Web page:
Philip Morris International, the world's largest tobacco maker, has seen the value of its investment in Indonesian cigarette maker PT Hanjaya Mandala Sampoerna rise more than three-fold in 10 years after completing a partial stake sale on Thursday.
New York-listed Philip Morris raised Rp20.3 trillion ($1.4 billion) through the sale of roughly 5.7% of Sampoerna’s enlarged share capital in a rights issue-cum-secondary share placement. The final price was set at the top end of the Rs65,000 to Rs77,000 marketed range.
Philip Morris took over Sampoerna in 2005 through a tender offer for a total consideration of $5.2 billion, or Rp10,600 per share, in one of Indonesia’s largest foreign direct investment transactions. At that time a 5.7% stake in the company was worth approximately $296 million.
The fact that the same stake was sold at $1.4 billion means Philip Morris has made a return of 373% on an absolute basis, equating to an annualized return of 37.3%.
At the final price Sampoerna is valued at 29.0 times consensus 2016 earnings and 33.2 times 2015 earnings. It also implies a dividend yield of 3.4% for the 2016 financial year.
Completing the deal was not an easy task. The benchmark Jakarta Composite dropped as much as 6.3% since Sampoerna started bookbuild on September 21. Two days before book close, the Indonesia stock exchange sent a negative signal to the market by confirming a cut in the daily transaction target, citing falling index and volatile market conditions.
Indonesia’s leading tobacco manufacturer was however able to sail through with the support of nine anchor investors, which agreed to take up 45% of the deal at the top price before the book opened.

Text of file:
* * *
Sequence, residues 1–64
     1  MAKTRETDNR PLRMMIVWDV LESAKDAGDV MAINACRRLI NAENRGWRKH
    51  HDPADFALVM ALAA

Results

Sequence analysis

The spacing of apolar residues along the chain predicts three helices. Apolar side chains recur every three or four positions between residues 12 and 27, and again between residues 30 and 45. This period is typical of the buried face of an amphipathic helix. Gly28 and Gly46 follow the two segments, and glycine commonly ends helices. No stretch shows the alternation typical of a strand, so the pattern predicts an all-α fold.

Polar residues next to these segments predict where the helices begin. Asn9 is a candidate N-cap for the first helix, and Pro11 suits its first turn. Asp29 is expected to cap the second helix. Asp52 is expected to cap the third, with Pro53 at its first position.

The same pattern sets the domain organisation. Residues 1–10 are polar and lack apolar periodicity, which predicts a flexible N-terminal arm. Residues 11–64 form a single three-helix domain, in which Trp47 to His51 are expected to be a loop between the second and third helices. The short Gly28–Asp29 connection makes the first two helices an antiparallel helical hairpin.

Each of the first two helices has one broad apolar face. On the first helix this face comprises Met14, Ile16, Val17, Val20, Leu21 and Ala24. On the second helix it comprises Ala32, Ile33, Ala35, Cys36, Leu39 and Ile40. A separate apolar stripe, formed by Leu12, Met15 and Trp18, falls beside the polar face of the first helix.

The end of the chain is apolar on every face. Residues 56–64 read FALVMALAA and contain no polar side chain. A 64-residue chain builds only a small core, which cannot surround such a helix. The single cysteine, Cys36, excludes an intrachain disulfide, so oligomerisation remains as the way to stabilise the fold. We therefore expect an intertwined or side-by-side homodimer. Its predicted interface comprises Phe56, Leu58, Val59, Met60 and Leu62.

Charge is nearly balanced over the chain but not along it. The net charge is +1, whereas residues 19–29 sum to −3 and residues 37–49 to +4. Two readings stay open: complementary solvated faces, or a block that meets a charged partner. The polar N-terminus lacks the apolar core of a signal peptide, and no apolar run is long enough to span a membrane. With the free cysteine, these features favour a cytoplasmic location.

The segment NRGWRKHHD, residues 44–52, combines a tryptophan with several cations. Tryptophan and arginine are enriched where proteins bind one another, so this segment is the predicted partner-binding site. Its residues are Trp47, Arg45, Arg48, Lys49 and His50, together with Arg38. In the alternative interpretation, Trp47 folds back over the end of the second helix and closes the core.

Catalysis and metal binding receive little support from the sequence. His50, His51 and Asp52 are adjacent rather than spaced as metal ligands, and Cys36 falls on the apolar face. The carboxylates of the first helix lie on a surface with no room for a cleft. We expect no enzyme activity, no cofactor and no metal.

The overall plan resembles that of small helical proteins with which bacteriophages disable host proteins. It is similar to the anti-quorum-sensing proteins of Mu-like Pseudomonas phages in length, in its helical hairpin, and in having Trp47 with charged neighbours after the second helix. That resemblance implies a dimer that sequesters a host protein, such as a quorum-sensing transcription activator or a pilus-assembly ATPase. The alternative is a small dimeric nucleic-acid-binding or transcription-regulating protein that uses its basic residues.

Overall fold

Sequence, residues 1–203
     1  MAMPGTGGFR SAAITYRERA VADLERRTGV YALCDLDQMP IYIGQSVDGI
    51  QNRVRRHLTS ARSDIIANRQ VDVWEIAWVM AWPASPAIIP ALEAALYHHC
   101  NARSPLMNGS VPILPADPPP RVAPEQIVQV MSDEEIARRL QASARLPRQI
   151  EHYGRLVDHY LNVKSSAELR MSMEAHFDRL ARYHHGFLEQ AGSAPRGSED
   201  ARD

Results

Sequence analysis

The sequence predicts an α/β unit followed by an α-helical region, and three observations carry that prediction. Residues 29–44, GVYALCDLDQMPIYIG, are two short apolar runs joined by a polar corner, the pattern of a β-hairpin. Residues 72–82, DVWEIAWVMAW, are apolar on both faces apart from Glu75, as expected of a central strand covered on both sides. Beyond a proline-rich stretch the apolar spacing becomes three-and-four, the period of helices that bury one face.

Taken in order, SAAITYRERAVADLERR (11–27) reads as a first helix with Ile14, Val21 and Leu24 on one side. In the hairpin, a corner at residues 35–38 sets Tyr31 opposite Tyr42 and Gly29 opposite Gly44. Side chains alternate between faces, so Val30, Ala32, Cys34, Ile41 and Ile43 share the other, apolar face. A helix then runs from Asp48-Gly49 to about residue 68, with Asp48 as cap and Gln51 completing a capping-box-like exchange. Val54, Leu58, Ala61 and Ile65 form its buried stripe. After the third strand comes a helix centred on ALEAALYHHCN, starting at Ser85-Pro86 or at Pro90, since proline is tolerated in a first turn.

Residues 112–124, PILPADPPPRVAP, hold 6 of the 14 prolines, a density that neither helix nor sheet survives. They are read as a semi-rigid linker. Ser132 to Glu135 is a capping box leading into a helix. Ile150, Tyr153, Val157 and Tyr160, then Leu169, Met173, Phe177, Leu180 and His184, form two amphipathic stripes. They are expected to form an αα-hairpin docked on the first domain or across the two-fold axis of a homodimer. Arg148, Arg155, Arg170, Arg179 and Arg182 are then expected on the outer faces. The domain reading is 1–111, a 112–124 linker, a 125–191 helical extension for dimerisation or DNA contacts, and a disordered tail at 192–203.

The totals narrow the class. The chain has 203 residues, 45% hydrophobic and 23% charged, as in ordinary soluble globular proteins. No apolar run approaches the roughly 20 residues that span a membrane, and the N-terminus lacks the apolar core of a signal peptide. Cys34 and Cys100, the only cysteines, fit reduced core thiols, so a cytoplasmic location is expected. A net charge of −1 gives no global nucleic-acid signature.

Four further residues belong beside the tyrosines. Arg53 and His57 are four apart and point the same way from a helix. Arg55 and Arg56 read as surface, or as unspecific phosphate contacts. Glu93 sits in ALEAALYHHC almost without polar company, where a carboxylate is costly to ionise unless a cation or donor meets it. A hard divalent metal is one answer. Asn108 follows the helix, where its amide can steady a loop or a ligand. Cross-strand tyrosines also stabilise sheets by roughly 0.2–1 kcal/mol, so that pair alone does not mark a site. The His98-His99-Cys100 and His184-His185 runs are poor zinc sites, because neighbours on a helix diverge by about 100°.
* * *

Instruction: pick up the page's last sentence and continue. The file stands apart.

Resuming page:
“These anchor investors were given full allocation because they have agreed to buy at Rs77,000 before launch,” a source familiar with the situation said. “That gave Philip Morris confidence to push the deal forward.”
At the end the book was well-oversubscribed across the range, the source said, with allocation skewed particularly towards domestic and international long-only investors. The top 10 investors were allocated about two-thirds of all shares on offer, while allocation to hedge funds were minimal.
The price tag is the first indication of how much the US tobacco company has earned from its mammoth investment in the local unit 10 years ago.
By comparison, Sampoerna’s net profit has been growing at a slower annual rate of 22.6%. The deal suggests the return on investment in Sampoerna has also outpaced the Jakarta Composite, which offered a 29% annualized return in the same period.
Nonetheless, Philip Morris’ actual return might have been much smaller since the Indonesia Rupiah has depreciated by about 45% since the Sampoerna buyout.
Proceeds from the stake sale will increase the parent's cash holdings by 76.5% to $3.2 billion, and boost its working capital ratio to 1.0 times from 0.9 times.
The transaction was borne out of regulatory compliance reasons because Sampoerna was not able to fulfill the Indonesia exchange’s minimum 7.5% free float requirement. Philip Morris held 98.2% of the company before the deal, implying a free float of only 1.8%.
It was expected that the deal will create a meaningful liquidity pool for Indonesia’s largest company by market capitalization, whose three-month daily average volume was only 20,000 shares.
However, sources were doubtful over how much of the new $1.4 billion liquidity will be actively traded since most of them ended in the hands of long-only investors, which may not see it as a long-term investment.
Still, the stock will be one of the key focuses on the local bourse in the near future because it could be included in key stock indices with its free float restored to a statutory level.
The new shares will start trading on October 26.